Quercus nigra

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Quercus nigra
Quer nigr.jpg
Photo by Wayne Matchett, SpaceCoastWildflowers.com
Scientific classification
Kingdom: Plantae
Division: Magnoliophyta - Flowering plants
Class: Magnoliopsida – Dicotyledons
Order: Fagales
Family: Fagaceae
Genus: Quercus
Species: Q. nigra
Binomial name
Quercus nigra
Quer nigr dist.jpg
Natural range of Quercus nigra from USDA NRCS Plants Database.

Common name: Water oak

Taxonomic notes

Synonyms: Q. aquatica Walter

Varieties: Quercus nigra var. heterophylla (Aiton) W.W. Ashe; Q. nigra var. nigra


A description of Quercus nigra is provided in The Flora of North America.




Q. nigra has been found in stream shorelines, hardwood sand ridges, upland woodlands, floodplains, lake shores, river shores, pine-oak woodlands, longleaf pine-wiregrass ridges, cypress swamps, oak ravines, and live oak hammocks.[1] It is also found in disturbed areas including sandhills with mowed lawns, sandy roadsides, campgrounds, nature trails, and along bridges.[1]

Associated species: Nyssa, Ulmus, and Taxodium.[1]

Q. nigra increased its presence in response to soil disturbance by heavy silvilculture in North Carolina longleaf pine sites. It has shown regrowth in reestablished pinelands that were disturbed by these practices.[2]

This species decreased its cover in response to soil disturbance by clearcutting and chopping in north Florida flatwoods forests. It has shown resistance to regrowth in reestablished flatwoods that were disturbed by these practices.[3]

Q. nigra is frequent and abundant in the North Florida Longleaf Woodlands, Xeric Flatwoods, and North Florida Wet Flatlands community types as described in Carr et al. (2010).[4]


Q. nigra has been observed flowering in February and March.[5]

Seed dispersal

Q. nigra is thought to be dispersed by gravity. [6]

Fire ecology

Populations of Quercus nigra have been known to persist through repeated annual burns.[7][8][9]

Herbivory and toxicology

Q. nigra has been observed at the Archbold Biological Station to host bees such as Apis mellifera (family Apidae).[10] Additionally, Q. nigra has been observed to host planthoppers such as Catonia sp. (family Achilidae), moths such as Halysidota tessellaris (family Arctiidae), leafhoppers from the Cicadellidae family such as Alebra aurea, Draeculacephala zeae, Eratoneura acantha and Eratoneura parva, true bugs such as Cedusa sp. (family Derbidae) and members of the family Reduviidae such as Triatoma sanguisuga and Zelus luridus, bees from the Membracidae family such as Archasia belfragei, Atymna querci, Cyrtolobus fuliginosus, C. fuscipennis, C. maculifrontis, C. puritanus, C. ovatus, C. tuberosus, Entylia carinata, Ophiderma definita, O. salamandra, Smilia camelus, Spissistilus festinus and Telamona monticola, as well as plant bugs from the Miridae family such as Atractotomus miniatus and Hamatophylus guttulosus.[11]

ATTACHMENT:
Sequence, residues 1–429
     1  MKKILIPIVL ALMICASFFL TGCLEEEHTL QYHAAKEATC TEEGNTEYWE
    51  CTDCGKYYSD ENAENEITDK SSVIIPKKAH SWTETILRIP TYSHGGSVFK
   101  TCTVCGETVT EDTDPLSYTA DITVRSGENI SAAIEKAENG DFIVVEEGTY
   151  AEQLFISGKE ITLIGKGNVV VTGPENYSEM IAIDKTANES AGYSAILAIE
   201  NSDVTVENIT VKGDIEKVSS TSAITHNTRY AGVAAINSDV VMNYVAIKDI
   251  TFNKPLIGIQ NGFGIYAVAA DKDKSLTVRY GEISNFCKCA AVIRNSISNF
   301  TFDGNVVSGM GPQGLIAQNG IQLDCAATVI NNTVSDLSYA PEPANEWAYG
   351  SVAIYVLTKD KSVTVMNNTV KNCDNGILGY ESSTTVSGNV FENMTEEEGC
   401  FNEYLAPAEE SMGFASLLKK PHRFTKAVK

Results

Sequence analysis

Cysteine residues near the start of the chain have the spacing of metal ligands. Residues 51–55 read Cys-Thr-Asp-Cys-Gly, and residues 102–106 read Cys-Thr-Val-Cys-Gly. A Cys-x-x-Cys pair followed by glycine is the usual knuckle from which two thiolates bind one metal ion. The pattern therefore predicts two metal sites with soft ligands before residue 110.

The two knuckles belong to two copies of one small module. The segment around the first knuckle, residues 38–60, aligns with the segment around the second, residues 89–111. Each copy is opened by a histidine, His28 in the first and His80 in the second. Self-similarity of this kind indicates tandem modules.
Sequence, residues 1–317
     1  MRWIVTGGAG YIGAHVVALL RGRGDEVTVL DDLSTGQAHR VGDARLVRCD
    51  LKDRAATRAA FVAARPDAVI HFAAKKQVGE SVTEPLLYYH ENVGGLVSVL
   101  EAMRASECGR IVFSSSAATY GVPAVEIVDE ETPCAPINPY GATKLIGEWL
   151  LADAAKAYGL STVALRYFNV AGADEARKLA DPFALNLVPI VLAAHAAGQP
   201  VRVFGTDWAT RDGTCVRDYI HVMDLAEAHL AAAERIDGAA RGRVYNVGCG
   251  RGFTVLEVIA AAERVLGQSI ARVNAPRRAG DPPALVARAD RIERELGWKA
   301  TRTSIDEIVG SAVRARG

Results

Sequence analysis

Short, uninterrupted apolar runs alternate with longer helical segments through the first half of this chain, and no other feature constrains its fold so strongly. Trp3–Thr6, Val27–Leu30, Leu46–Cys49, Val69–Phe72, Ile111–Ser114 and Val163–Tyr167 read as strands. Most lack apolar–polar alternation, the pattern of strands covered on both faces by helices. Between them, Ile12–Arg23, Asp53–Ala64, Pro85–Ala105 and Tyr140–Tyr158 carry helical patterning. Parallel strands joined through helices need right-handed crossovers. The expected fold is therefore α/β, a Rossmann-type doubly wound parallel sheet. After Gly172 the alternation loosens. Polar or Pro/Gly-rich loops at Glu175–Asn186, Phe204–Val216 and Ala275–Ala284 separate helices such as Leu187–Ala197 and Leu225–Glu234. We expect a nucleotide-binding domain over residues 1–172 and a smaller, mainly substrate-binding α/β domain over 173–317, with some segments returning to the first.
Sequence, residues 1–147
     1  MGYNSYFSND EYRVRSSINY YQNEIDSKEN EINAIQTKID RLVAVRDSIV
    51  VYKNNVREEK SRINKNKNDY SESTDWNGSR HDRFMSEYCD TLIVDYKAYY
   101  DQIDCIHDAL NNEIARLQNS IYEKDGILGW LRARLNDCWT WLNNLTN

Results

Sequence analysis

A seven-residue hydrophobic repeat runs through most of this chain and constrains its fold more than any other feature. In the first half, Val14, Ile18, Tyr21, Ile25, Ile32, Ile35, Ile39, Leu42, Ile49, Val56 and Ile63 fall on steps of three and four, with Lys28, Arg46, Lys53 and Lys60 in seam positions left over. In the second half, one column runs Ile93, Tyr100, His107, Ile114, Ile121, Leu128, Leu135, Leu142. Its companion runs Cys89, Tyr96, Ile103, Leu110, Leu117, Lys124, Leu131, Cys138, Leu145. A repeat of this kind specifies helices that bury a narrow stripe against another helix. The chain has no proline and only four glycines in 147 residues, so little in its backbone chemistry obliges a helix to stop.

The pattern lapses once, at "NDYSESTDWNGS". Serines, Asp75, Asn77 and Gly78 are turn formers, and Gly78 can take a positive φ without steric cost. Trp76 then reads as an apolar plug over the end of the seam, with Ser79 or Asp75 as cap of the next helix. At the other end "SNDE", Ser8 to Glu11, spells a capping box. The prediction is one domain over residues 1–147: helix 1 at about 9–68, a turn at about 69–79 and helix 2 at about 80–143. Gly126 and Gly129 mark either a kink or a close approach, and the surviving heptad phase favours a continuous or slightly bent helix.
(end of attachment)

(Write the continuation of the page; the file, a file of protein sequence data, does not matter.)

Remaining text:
Conservation, cultivation, and restoration

Cultural use

Photo Gallery

References and notes

  1. 1.0 1.1 1.2 Florida State University Herbarium Database. URL: http://herbarium.bio.fsu.edu. Last accessed: June 2021. Collectors: Loran C. Anderson, Robert Doren, Alan R. Franck, Robert K. Godfrey, Bruce Hansen, JoAnn Hansen, H. Kurz, Herbert Monoson, Gwynn W. Ramsey, Ann M. Redmond, W. D. Reese, H. Larry Stripling, and Dwayne Wise. States and counties: Florida: Clay, Columbia, Franklin, Gadsden, Hillsborough, Jackson, Leon, Madison, St. Johns, and Wakulla.
  2. Cohen, S., R. Braham, and F. Sanchez. (2004). Seed Bank Viability in Disturbed Longleaf Pine Sites. Restoration Ecology 12(4):503-515.
  3. Moore, W.H., B.F. Swindel, and W.S. Terry. (1982). Vegetative Response to Clearcutting and Chopping in a North Florida Flatwoods Forest. Journal of Range Management 35(2):214-218.
  4. Carr, S.C., K.M. Robertson, and R.K. Peet. 2010. A vegetation classification of fire-dependent pinelands of Florida. Castanea 75:153-189.
  5. Nelson, G. PanFlora: Plant data for the eastern United States with emphasis on the Southeastern Coastal Plains, Florida, and the Florida Panhandle. www.gilnelson.com/PanFlora/ Accessed: 13 DEC 2016
  6. Kirkman, L. Katherine. Unpublished database of seed dispersal mode of plants found in Coastal Plain longleaf pine-grasslands of the Jones Ecological Research Center, Georgia.
  7. Robertson, K.M. Unpublished data collected from Pebble Hill Fire Plots, Pebble Hill Plantation, Thomasville, Georgia.
  8. Glitzenstein, J. S., D. R. Streng, R. E. Masters, K. M. Robertson and S. M. Hermann 2012. Fire-frequency effects on vegetation in north Florida pinelands: Another look at the long-term Stoddard Fire Research Plots at Tall Timbers Research Station. Forest Ecology and Management 264: 197-209.
  9. Platt, W.J., R. Carter, G. Nelson, W. Baker, S. Hermann, J. Kane, L. Anderson, M. Smith, K. Robertson. 2021. Unpublished species list of Wade Tract old-growth longleaf pine savanna, Thomasville, Georgia.
  10. Deyrup, M.A. and N.D. 2015. Database of observations of Hymenoptera visitations to flowers of plants on Archbold Biological Station, Florida, USA.
  11. Discoverlife.org [1]